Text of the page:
Rating:

Classic Creepers

Editors: Robert Weinberg, Martin H. Greenberg

100 Creepy Creatures cover100 Creepy Little Creature Stories is one of the few short story collections that has been able to entice my long-fiction preferring brain; purchasing this little treasury back in 2006, feeling that really, I ought to try some short fiction, I’ve since been steadily, although slowly, returning to this book, even re-reading certain short stories and forcing friends, family, and once a graduate class, into reading one of the stories I discovered. While my usual fast reading style has me polishing off a novel a week, and I’ve been returning to and reading this book only a few times a year, each time I put it down in favor of a novel, the craving for more short bursts of horror fiction would call me back again until, amazingly, I had read and re-read five hundred plus pages of short stories.

100 Creepy Little Creature Stories is part of the 100 Stories series which features everything from 100 Vicious Little Vampire Stories to 100 Malicious Little Mysteries, focusing on the short story form of about every fiction genre you could possibly ever want. Now considered an old series, the good news is that you can pick up many of these weighty little hardcovers for a few dollars each on Amazon, meaning that if you’re a collector like me, you can go on a huge spending spree. And yes, yes I did.

This particular entry in the 100 Series features horror stories concentrating on creatures, from those familiar to our culture (the werewolf for instances) to strange and terrifying author creations. Stories go from the sardonically modern (with tales up to 1993) to the terrifyingly arcane with tales from the late 1800s, giving a good mix of styles and generations worth of fears, fantasies, and midnight terrors. Classic authors, including the beloved Edgar Alan Poe, Guy de Maupassant, and H.P. Lovecraft are included along with less known names, giving a flair for the classical and an appreciation of the new and experimental. There’s something here for each person; it would be impossible to walk away without at least a few dog eared pages and memorized lines.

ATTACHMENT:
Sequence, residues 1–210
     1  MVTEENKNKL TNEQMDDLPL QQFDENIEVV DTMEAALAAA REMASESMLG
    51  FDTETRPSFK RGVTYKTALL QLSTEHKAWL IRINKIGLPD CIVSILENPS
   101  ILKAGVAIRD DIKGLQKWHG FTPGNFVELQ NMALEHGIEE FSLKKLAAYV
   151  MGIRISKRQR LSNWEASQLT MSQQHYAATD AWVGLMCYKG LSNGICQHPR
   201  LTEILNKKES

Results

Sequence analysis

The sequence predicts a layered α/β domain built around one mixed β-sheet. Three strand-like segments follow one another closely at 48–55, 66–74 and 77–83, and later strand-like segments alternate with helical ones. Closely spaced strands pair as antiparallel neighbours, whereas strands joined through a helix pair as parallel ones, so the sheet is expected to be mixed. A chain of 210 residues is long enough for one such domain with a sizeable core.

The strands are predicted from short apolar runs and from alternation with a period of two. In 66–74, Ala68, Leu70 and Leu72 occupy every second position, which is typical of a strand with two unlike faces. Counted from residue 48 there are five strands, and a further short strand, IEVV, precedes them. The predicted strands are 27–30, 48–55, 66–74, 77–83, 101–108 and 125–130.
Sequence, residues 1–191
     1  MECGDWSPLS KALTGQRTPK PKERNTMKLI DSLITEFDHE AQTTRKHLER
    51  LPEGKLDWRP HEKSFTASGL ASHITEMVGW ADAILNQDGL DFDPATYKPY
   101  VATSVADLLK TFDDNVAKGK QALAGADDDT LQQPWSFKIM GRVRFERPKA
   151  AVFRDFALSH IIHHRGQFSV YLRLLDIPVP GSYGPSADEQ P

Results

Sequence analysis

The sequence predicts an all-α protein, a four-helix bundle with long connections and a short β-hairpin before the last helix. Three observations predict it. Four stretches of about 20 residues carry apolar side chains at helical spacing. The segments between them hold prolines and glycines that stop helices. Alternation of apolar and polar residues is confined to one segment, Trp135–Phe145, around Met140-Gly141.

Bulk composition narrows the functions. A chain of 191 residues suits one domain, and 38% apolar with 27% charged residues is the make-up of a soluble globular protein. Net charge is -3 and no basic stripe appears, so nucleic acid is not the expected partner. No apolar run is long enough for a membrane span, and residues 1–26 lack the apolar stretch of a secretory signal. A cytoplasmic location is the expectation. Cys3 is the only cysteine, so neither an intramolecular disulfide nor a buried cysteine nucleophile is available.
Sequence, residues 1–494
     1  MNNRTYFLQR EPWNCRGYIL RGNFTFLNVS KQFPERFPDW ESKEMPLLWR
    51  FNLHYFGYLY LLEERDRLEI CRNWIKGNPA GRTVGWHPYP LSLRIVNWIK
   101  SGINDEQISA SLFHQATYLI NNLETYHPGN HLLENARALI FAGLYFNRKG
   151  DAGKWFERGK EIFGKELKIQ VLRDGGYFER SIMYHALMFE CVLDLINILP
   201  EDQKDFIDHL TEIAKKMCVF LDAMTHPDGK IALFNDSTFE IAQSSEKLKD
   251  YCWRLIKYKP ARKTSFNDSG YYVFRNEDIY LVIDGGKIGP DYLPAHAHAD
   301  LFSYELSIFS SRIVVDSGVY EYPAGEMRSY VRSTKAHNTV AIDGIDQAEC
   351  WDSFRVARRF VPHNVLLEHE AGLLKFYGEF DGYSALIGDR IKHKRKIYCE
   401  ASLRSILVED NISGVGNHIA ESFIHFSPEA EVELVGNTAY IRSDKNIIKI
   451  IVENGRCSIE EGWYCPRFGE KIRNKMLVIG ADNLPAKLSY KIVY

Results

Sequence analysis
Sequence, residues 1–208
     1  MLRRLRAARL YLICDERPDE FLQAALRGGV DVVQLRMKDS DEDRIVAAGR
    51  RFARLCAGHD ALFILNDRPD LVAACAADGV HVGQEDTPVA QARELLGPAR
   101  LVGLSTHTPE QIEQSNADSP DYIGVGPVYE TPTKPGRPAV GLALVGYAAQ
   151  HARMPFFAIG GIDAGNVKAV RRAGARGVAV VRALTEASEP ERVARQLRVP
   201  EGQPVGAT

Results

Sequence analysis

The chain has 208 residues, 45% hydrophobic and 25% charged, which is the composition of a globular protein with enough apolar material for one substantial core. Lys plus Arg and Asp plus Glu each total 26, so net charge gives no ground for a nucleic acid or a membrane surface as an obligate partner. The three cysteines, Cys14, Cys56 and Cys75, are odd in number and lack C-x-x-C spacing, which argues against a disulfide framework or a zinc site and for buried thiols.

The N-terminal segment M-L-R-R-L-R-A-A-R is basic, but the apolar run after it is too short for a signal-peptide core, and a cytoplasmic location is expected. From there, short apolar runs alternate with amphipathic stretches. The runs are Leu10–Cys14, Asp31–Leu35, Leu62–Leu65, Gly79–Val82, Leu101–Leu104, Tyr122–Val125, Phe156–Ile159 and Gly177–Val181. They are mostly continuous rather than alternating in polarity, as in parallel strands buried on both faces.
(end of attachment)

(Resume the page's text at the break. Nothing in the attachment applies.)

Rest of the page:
For a complete listing of this collection’s stories and authors (with lovely little hyperlinks) check out this page on the Speculative Fiction Database. Notice that publishing dates are listed alongside stories, giving a sense of the breadth of this particular collection.

One of my favorite stories within this collection is “A Birthday Present for Tommy” (1945) written by Charles King. Told through the perspective of an enigmatic young girl with no memory of past and a fear of the future, this tale captures readers with its literary aspirations  and the outright ability to, in just a few pages, trick us and horrify us, leading us to the very edge of insanity in a Lovecraftian manner. As can be expected of any horror short story involving a child protagonist, the premise is dark, disturbing, and elegantly entertaining.